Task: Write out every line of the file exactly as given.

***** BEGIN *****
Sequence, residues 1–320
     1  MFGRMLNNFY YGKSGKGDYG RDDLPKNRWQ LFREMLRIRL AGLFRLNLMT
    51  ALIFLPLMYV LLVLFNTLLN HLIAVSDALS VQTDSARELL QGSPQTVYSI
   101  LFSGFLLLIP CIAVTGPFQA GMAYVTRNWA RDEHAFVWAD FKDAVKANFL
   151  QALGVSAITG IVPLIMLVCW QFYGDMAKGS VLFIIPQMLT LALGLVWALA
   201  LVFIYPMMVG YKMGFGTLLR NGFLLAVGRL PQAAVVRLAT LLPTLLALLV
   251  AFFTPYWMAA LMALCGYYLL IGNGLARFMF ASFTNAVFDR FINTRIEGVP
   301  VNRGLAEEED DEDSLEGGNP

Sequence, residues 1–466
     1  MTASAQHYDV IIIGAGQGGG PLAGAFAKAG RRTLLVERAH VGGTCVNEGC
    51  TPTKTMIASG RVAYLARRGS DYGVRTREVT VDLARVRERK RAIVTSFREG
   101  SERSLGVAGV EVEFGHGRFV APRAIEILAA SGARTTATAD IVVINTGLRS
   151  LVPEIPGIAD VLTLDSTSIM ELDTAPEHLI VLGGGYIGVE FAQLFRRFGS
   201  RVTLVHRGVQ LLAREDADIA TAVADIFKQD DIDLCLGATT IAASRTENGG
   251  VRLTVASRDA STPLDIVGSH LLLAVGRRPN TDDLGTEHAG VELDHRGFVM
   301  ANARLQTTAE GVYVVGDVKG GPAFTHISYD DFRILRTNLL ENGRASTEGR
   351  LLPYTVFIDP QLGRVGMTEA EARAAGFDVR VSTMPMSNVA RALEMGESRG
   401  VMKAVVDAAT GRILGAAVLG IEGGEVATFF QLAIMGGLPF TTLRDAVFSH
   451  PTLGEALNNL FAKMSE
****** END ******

Sequence, residues 1–320
     1  MFGRMLNNFY YGKSGKGDYG RDDLPKNRWQ LFREMLRIRL AGLFRLNLMT
    51  ALIFLPLMYV LLVLFNTLLN HLIAVSDALS VQTDSARELL QGSPQTVYSI
   101  LFSGFLLLIP CIAVTGPFQA GMAYVTRNWA RDEHAFVWAD FKDAVKANFL
   151  QALGVSAITG IVPLIMLVCW QFYGDMAKGS VLFIIPQMLT LALGLVWALA
   201  LVFIYPMMVG YKMGFGTLLR NGFLLAVGRL PQAAVVRLAT LLPTLLALLV
   251  AFFTPYWMAA LMALCGYYLL IGNGLARFMF ASFTNAVFDR FINTRIEGVP
   301  VNRGLAEEED DEDSLEGGNP

Sequence, residues 1–466
     1  MTASAQHYDV IIIGAGQGGG PLAGAFAKAG RRTLLVERAH VGGTCVNEGC
    51  TPTKTMIASG RVAYLARRGS DYGVRTREVT VDLARVRERK RAIVTSFREG
   101  SERSLGVAGV EVEFGHGRFV APRAIEILAA SGARTTATAD IVVINTGLRS
   151  LVPEIPGIAD VLTLDSTSIM ELDTAPEHLI VLGGGYIGVE FAQLFRRFGS
   201  RVTLVHRGVQ LLAREDADIA TAVADIFKQD DIDLCLGATT IAASRTENGG
   251  VRLTVASRDA STPLDIVGSH LLLAVGRRPN TDDLGTEHAG VELDHRGFVM
   301  ANARLQTTAE GVYVVGDVKG GPAFTHISYD DFRILRTNLL ENGRASTEGR
   351  LLPYTVFIDP QLGRVGMTEA EARAAGFDVR VSTMPMSNVA RALEMGESRG
   401  VMKAVVDAAT GRILGAAVLG IEGGEVATFF QLAIMGGLPF TTLRDAVFSH
   451  PTLGEALNNL FAKMSE